Without artistic experience, Greff draws on graph paper and expands onto two-foot squares of butcher paper, a blueprint to make the pieces. “If the finished product doesn’t look anything like the plan, I’ll just call it modern art,” he laughs.
He figured he would be finished by 1997. “I was so naïve. It’s 2009 and I’m working on the spider web, no. 8.” Nos. 9 and 10 will be, respectively, a 75-foot-high buffalo and a tribute to Native Americans.
Greff works full-time on Enchanted Highway without an outside job, relying on donations and grants to raise $20,000 needed for each.
High-school students help. Kathy Greff, Gary’s sister-in-law, says her four sons worked on the project, along with area kids. “They’ve learned a lot, responsible job safety, welding, site mowing, and upkeep. Eagle Scout projects have been created for them, building playground equipment and bulletin boards for the sites,” which contain parking lot, picnic tables, information board, and play area.
“They’ve also learned about recycling,” Gary Greff says. “Most of the sculptures first belonged to something else.”
Success Is Tempered
Greff notes few minor setbacks. “I swore I’d measured the shop door accurately, but a pheasant three inches too wide forced me to cut it in half.” The buck’s front leg had to be cut off the buck because telephone poles made the road too narrow. It was rewelded at Deer Crossing. Welding sparks at Fisherman’s Dream started a grass fire. “In town they said we’d had the world’s largest fish fry,” Greff laughs.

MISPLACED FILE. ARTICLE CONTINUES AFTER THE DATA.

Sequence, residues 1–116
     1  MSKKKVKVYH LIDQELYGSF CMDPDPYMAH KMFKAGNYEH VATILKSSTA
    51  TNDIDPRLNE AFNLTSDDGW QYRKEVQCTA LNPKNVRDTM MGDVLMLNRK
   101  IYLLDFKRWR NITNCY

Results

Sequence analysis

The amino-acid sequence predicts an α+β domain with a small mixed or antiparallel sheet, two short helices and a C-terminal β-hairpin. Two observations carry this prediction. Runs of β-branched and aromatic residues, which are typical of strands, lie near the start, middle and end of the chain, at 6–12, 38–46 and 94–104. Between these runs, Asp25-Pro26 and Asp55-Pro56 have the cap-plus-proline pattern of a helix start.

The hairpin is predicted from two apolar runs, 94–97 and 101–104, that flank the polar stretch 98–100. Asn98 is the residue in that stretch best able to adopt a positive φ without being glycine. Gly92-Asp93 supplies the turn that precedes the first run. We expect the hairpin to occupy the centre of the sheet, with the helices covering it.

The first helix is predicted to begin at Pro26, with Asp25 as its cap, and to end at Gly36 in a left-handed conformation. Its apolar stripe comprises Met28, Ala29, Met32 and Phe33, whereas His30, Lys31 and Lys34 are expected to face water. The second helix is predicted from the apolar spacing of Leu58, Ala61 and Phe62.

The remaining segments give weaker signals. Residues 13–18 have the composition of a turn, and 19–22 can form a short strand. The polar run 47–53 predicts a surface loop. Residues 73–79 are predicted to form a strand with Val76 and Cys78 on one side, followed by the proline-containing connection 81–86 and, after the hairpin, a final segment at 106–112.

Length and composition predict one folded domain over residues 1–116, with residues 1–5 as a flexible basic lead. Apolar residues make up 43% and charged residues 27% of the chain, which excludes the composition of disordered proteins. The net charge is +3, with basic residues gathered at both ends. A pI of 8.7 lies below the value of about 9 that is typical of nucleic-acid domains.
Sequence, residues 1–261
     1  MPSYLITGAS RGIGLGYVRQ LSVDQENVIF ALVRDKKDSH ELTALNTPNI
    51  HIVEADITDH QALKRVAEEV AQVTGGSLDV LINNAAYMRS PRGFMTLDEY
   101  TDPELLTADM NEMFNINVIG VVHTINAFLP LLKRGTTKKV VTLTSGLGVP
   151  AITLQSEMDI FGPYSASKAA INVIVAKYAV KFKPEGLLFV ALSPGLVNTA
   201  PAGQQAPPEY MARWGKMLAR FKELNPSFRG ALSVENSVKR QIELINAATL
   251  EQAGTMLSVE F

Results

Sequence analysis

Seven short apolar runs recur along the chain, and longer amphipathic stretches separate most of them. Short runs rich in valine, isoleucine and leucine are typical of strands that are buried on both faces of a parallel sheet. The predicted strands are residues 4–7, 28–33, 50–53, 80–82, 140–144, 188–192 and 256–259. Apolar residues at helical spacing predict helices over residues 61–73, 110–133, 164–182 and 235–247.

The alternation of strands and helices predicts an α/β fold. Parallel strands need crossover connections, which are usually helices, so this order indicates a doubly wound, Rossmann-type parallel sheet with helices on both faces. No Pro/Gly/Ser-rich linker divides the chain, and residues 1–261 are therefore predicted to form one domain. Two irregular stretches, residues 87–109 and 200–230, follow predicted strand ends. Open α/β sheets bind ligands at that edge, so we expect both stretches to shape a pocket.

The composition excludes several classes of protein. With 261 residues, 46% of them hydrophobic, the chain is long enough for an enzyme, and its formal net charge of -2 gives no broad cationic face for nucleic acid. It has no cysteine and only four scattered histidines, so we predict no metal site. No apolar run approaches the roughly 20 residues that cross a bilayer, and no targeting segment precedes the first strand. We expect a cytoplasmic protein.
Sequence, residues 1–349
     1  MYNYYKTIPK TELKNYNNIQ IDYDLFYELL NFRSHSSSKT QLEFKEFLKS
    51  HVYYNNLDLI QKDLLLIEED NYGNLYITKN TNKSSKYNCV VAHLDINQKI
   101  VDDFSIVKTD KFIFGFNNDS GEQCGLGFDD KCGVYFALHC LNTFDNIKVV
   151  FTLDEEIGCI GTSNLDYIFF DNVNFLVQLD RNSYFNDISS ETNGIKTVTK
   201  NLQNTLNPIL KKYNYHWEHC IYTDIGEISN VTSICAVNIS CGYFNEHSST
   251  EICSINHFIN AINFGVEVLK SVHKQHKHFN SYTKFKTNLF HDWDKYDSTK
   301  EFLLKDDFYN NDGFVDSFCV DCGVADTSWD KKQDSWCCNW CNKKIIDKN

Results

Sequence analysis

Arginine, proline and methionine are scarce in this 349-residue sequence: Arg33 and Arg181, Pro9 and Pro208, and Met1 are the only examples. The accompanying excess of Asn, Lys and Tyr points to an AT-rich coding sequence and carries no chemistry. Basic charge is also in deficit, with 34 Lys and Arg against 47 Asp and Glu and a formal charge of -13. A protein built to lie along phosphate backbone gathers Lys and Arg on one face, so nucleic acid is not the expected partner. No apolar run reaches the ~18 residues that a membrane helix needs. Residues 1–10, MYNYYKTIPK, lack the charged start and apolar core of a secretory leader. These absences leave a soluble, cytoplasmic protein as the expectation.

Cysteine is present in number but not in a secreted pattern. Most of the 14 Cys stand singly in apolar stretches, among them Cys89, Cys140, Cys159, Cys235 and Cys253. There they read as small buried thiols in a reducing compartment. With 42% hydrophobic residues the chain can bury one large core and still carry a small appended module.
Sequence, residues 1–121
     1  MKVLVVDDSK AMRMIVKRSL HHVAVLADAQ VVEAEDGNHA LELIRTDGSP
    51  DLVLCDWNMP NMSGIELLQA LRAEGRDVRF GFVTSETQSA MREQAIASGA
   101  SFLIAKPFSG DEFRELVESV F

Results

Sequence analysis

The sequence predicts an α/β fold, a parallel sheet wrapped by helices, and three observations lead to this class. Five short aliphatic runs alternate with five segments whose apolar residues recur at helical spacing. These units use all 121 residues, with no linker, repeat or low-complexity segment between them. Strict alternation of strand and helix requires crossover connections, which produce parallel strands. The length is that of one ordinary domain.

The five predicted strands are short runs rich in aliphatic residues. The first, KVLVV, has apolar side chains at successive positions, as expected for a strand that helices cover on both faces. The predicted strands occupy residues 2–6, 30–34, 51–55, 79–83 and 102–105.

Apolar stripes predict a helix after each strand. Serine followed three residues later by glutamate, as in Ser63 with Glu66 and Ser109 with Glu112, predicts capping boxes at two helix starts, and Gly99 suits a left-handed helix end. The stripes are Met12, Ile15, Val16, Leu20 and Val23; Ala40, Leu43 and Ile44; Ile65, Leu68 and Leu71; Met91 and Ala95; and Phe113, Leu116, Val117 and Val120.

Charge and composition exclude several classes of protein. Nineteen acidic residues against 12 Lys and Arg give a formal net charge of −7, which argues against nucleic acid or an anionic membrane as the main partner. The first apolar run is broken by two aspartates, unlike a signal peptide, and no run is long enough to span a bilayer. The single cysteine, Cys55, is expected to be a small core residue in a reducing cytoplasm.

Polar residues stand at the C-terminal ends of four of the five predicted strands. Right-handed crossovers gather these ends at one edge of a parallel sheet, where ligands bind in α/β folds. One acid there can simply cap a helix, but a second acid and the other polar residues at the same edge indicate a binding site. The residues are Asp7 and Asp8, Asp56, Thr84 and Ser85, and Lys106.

Greff’s dream was to bring people into town, and in 2007-08 20,000 visitors signed the guest book at the Enchanted Highway Gift Shop. Postmaster Ervin Binstock says, “On Main Street I see an unbelievable amount of traffic and tour buses coming through”: Wyoming, South Dakota, North Dakota, visitors from every state, plus Africa, Europe, Asia.
New businesses have started up in Regent as well: two gift shops, an RV park, a convenience store, and a B&B, though owner Donald Gion says tourism hasn’t helped his business much. “Lots of traffic comes into town, but people don’t stay. They visit the gift shops; some eat at the café or fill up gas, and move on. We need some kind of evening program, an economic development to keep people here longer.”
Gary Greff is working on that part, too. He bought the school building for a national art school, drew plans for a theme park with a signature huge eagle on a globe, as well as a water park and amphitheater. “They all need funding,” Greff says. “My dream now is to make Enchanted Highway the number-one tourist attraction in North Dakota. I really believe it can happen.”
Julius Honeyman, who donated land for Pheasants on the Prairie, says he can do it. “I think it’s amazing what one guy with a vision and a dream can do if he puts his mind to it.”
Enchanted Highway visitors think so, too. An older fellow recently stopped Gary Greff. With tears in his eyes, he said, “If I had died before I’d seen this, I would have died a poorer man.”